Sometimes documentaries can be every bit as dramatic and exciting as the best fiction films. Sarah Polley's "Stories We Tell" is one such film. The film details the life of a marriage between a rather staid English-born writer (Mark Polley) and a free-spirited Canadian actress and casting director wife, Diane. The marriage produced some happiness, but also fissures of adultery and secrets known to some family members (and not to others) that sent reverberations decades later that reverberated to the lives of the grown children. Diane Polley (who died of cancer in 1990, when Sarah was just 11) is described by her daughter as having created a sort of tsunami that left the rest of her family in her wake. But the film creates such an intimate look at the total family ( via interviews and home movies and some recreations of events) and those friends around them that their lives were more touched than engulfed by the life energy that Diane, wife/mother/lover/friend/artist, bestowed on those she touched.
It is a film of strong dynamics, bringing together all of Sarah Polley's five siblings (two by her first marriage) into creating (through words and body language) an absorbing contrast into the various parallax of stories and remembrances that provide all families that common back-story that makes a shared fragment or identity with one another possible.
Ms. Polley is a Canadian film-maker known as a child actress in Road to Avonlea. At fourteen she left acting, moved out on her own and pursued a career as an activist for Canada's socialist New Democratic Party. She returned to her artistic career doing some commercial films like the zombie-inspired Dawn of the Dead, Splice, and Mr. Nobody while turning down other parts in major Hollywood films like the Bourne Identity series and others. She has stayed a mainly Canada-based film-maker, achieving feature film work as an actress, director and screenwriter in award-winning films like Away from Her . Her third directorial effort is a documentary "The Stories We Tell". It is a critically well-received work that explores her own family in a quest for the truth about her paternity and the family dynamic that generated her rather unique situation.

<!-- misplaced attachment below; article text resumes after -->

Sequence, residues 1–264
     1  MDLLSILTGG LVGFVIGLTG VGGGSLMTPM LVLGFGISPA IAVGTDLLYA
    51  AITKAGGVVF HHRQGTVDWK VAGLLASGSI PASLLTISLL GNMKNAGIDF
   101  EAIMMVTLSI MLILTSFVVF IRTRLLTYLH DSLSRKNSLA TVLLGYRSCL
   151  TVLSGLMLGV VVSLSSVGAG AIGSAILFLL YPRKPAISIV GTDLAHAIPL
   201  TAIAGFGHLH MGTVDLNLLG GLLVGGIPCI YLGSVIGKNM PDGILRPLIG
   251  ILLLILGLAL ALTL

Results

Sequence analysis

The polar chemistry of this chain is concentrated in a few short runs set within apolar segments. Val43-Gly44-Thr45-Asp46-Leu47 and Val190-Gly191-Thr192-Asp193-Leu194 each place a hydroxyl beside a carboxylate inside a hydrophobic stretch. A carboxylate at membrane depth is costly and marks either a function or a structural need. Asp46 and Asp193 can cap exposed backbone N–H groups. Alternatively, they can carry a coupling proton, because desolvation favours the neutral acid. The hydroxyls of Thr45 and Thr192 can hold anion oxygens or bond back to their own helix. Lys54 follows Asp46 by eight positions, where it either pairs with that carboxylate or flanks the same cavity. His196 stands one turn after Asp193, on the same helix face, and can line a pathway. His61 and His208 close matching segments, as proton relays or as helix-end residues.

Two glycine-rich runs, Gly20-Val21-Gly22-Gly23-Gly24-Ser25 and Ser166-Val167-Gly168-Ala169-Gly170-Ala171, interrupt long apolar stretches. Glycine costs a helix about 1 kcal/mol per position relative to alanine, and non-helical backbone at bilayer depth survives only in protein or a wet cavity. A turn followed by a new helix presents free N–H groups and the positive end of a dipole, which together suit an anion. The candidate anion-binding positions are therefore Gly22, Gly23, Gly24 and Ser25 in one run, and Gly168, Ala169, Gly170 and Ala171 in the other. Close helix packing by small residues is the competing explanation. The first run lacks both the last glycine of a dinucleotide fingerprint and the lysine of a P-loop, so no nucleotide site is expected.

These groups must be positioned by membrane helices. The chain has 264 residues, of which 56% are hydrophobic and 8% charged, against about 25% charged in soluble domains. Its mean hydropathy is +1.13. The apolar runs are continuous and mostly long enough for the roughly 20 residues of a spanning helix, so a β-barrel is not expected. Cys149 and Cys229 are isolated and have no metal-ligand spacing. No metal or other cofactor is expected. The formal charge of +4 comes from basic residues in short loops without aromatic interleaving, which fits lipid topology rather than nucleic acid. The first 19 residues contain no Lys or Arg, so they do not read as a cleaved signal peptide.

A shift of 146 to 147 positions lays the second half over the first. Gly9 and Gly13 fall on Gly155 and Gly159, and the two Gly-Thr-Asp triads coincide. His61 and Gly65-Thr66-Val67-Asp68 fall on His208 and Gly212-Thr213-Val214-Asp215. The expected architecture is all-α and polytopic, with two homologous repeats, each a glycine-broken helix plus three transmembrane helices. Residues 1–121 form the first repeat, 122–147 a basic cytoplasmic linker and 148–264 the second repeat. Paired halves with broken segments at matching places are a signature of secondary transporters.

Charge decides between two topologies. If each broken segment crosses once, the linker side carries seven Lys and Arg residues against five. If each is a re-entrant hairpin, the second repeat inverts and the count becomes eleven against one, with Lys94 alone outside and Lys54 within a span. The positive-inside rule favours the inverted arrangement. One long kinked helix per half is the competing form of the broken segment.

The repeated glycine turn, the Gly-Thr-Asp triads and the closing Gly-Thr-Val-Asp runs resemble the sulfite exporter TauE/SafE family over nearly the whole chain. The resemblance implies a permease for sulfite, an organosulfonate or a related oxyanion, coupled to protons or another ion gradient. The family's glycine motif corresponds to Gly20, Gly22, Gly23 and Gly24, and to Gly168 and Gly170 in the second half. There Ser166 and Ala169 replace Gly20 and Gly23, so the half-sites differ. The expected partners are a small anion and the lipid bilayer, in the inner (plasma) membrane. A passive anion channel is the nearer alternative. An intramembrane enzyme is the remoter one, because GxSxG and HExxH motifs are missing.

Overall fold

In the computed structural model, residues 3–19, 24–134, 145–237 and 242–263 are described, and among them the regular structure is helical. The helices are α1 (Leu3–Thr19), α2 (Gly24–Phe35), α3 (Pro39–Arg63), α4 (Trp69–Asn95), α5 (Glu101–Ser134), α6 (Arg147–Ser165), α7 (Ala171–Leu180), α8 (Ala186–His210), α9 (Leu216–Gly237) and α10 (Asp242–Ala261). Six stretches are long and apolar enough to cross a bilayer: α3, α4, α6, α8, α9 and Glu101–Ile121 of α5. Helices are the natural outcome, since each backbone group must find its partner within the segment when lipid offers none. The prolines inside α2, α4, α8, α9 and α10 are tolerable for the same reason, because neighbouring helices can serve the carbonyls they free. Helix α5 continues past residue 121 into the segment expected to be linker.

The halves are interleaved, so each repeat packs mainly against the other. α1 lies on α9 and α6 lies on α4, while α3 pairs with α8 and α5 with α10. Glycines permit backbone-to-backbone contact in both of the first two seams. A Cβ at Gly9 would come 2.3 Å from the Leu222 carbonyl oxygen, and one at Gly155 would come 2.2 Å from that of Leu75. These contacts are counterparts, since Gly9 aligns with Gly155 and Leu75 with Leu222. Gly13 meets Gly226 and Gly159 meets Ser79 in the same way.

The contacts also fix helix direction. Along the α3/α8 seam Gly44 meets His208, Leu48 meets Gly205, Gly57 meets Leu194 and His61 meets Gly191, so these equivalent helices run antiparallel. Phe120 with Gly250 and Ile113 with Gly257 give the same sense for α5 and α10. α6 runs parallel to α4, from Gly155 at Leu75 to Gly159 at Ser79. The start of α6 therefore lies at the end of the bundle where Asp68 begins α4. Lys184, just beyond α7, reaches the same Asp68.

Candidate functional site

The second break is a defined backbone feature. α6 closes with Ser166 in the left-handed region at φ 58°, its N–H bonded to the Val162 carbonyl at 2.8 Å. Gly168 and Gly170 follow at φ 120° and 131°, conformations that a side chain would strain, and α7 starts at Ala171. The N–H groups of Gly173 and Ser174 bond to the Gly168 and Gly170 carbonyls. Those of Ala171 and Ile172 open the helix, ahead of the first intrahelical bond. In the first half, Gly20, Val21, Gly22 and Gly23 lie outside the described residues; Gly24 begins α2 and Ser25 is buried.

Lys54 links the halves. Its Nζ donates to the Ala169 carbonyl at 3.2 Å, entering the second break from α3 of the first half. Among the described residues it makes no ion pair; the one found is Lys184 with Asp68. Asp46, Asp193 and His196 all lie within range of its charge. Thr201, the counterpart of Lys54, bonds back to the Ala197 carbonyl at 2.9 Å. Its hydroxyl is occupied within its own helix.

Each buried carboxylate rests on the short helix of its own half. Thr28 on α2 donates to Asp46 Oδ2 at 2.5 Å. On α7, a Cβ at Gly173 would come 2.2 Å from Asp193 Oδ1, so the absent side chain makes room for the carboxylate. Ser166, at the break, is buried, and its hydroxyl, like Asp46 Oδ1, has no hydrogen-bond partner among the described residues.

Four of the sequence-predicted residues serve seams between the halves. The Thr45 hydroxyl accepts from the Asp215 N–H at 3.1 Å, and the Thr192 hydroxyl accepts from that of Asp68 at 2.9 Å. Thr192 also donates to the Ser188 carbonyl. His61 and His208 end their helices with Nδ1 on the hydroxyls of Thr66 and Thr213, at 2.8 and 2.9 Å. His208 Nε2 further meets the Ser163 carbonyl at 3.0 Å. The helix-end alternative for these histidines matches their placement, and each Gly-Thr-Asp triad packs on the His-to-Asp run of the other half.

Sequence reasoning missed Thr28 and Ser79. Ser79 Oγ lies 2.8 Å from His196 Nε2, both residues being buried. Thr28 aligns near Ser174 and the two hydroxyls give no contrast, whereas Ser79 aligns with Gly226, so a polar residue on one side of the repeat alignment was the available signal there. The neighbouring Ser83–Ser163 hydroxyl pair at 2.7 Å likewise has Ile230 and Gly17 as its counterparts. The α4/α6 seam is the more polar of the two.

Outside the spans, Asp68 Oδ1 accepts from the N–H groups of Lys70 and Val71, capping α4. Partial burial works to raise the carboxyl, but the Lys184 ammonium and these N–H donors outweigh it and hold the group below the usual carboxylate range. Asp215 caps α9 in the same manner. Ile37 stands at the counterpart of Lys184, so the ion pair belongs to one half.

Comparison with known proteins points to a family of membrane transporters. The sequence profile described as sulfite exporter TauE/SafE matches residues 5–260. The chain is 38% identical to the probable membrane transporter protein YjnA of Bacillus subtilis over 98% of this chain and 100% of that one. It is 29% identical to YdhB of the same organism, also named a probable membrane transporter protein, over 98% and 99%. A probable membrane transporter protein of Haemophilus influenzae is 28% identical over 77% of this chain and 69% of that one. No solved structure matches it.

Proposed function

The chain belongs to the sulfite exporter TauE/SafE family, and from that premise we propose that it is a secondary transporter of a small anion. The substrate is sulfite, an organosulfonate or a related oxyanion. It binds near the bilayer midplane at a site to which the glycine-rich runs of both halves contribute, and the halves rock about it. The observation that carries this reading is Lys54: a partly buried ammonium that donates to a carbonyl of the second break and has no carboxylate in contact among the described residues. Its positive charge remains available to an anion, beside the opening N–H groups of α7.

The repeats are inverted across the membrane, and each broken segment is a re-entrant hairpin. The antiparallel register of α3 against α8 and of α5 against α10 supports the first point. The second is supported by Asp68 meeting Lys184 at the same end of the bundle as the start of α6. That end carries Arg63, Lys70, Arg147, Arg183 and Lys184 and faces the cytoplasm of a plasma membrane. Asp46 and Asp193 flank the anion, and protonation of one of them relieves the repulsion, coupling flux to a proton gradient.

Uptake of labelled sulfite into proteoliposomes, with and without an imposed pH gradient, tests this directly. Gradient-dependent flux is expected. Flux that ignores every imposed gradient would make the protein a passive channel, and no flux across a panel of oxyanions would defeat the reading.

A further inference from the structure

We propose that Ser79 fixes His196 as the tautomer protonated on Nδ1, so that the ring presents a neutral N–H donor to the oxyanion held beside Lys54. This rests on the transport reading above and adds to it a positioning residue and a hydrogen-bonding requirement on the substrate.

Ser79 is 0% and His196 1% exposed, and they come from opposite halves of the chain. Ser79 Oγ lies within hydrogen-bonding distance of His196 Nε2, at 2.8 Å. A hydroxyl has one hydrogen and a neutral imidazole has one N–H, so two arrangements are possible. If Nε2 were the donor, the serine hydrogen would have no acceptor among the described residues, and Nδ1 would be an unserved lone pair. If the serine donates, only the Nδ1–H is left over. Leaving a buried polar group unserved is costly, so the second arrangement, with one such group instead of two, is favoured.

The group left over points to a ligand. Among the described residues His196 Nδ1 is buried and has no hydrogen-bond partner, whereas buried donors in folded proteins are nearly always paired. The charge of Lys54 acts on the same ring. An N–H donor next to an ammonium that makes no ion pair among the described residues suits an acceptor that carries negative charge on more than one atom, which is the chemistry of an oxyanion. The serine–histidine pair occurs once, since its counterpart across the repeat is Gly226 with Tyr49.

"Her latest film, Stories We Tell, is her first feature length documentary. It had its world premiere at the 2012 Venice Film Festival, and its North American premiere followed at the Toronto International Film Festival. The Toronto Film Critics Association awarded it the $100,000 prize for best Canadian film of the year." ----Curzon Films Website